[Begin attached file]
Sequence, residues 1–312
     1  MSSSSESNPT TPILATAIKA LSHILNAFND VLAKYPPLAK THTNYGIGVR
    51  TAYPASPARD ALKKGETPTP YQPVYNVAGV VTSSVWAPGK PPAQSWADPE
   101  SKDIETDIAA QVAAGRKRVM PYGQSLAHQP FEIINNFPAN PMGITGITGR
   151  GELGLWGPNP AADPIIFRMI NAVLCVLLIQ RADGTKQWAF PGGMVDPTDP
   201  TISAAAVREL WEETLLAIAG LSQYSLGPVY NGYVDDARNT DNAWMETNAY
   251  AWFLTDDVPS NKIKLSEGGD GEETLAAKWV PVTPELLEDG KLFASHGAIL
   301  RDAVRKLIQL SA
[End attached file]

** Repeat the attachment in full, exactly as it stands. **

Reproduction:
Sequence, residues 1–312
     1  MSSSSESNPT TPILATAIKA LSHILNAFND VLAKYPPLAK THTNYGIGVR
    51  TAYPASPARD ALKKGETPTP YQPVYNVAGV VTSSVWAPGK PPAQSWADPE
   101  SKDIETDIAA QVAAGRKRVM PYGQSLAHQP FEIINNFPAN PMGITGITGR
   151  GELGLWGPNP AADPIIFRMI NAVLCVLLIQ RADGTKQWAF PGGMVDPTDP
   201  TISAAAVREL WEETLLAIAG LSQYSLGPVY NGYVDDARNT DNAWMETNAY
   251  AWFLTDDVPS NKIKLSEGGD GEETLAAKWV PVTPELLEDG KLFASHGAIL
   301  RDAVRKLIQL SA